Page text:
The results of an innovative project examining the experiences black and ethnic minority communities have using mental health services in Suffolk will be showcased at a special event later this month.
Norfolk and Suffolk NHS Foundation Trust (NSFT) and Healthwatch Suffolk have organised a half-day conference to explain more about the initiative, which has been designed to increase understanding of the issues faced by the county’s diverse communities.
It follows the Trust’s engagement work called ‘Open Mind’ in collaboration with the Caribbean and African Community Health Support Forum in September 2014.
This led Healthwatch Suffolk to run a survey looking at problems BME communities may encounter when accessing mental health services.
These may include cultural barriers and previous experiences, which may result in some BME communities being less likely to engage with services, which could lead to social isolation and mental ill health.
Ravi Seenan, Equalities and Engagement Manager with NSFT, said: “There are clear inequality issues among groups of people within the community we serve and the BME group appears to be one of the most disadvantaged when it comes to accessing and using our services.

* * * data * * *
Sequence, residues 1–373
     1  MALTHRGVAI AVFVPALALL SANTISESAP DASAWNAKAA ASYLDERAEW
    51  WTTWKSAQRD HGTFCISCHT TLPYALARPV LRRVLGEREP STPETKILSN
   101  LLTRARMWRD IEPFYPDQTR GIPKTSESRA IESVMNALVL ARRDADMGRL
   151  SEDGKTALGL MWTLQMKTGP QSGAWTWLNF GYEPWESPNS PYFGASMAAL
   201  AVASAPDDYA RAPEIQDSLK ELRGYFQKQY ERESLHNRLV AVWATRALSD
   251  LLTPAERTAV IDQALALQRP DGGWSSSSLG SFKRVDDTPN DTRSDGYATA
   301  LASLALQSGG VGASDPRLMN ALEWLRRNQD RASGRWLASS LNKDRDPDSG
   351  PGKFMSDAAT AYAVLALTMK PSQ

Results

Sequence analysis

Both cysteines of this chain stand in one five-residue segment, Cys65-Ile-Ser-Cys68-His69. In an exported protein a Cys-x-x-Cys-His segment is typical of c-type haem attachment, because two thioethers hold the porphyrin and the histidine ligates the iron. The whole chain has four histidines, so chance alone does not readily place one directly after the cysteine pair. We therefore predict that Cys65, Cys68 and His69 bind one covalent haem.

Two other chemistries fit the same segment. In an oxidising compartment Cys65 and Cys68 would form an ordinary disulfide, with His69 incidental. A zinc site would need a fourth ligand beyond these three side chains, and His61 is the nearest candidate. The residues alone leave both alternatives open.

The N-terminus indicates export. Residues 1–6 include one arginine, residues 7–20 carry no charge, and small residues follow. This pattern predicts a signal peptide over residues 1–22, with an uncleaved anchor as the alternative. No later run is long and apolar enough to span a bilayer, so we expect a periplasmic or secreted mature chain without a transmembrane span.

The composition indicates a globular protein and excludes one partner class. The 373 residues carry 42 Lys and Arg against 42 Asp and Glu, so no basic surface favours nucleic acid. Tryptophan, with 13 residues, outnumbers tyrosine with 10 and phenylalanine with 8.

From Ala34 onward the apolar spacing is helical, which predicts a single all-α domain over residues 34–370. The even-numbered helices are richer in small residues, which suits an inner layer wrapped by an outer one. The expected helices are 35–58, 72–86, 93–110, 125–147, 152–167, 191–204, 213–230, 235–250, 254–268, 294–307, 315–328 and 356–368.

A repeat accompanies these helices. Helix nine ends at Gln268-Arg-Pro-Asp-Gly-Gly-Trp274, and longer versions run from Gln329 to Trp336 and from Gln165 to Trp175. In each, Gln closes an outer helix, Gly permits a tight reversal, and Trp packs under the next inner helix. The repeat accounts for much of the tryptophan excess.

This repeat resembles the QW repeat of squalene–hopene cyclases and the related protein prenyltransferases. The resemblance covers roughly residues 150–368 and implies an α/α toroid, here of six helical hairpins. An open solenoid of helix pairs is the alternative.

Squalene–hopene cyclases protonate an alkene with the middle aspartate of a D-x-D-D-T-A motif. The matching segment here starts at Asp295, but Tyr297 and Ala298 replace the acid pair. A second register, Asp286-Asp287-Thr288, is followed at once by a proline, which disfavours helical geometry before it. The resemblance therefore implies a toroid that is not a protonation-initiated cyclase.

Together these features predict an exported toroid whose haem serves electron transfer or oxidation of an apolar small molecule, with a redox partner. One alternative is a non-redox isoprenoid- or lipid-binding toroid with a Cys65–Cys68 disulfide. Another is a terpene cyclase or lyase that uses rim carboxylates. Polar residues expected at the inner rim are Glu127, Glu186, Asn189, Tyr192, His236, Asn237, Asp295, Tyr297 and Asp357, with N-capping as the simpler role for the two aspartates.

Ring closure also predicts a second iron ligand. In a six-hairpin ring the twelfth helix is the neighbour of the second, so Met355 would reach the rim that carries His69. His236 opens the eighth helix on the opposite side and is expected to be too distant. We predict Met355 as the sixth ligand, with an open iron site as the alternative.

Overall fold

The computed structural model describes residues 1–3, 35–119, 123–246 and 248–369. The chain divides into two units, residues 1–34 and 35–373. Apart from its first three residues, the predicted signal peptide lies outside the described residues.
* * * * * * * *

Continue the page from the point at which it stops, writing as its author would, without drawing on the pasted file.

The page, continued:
“Therefore, we are pleased to be able to work with Healthwatch Suffolk and the local communities to look at how to improve on the way we deliver our services.
“The results of the project will be used to help improve and shape services in the future so that everyone has the same access to high quality services and the opportunity to improve their mental health and wellbeing.
“We will share the findings of this report with our partner organisations including voluntary and statutory, staff members as well as our service users and carers, so that any issues can be addressed and appropriate cultural adaptations made to services.”
At the event, which takes place in Ipswich on 29 October, speakers will explain more about the projects and key findings from the survey.
A film will also be shown giving the perspective of service users, while Alison Armstrong, NSFT’s Director of Operations in Suffolk, will explain the next steps and how we aim to take the findings forward.
Tony Rollo, Chair of Healthwatch, said: “We have been really pleased with the response received to this survey. Early results contain a wealth of data that we hope the Trust will use to improve the experience of all communities accessing mental health services in Norfolk and Suffolk.
“I would like to thank everyone who has helped us with this extensive project including the service users and those who took part to share their story with us on video. We look forward to supporting NSFT at this important event.”
The conference will take place at the Ip-city Centre in Bath Street, Ipswich, on 29 October between 1.30pm and 4.30pm. Everyone is welcome to attend.
The results of the Healthwatch survey will be available on NSFT’s website later this month at www.nsft.nhs.uk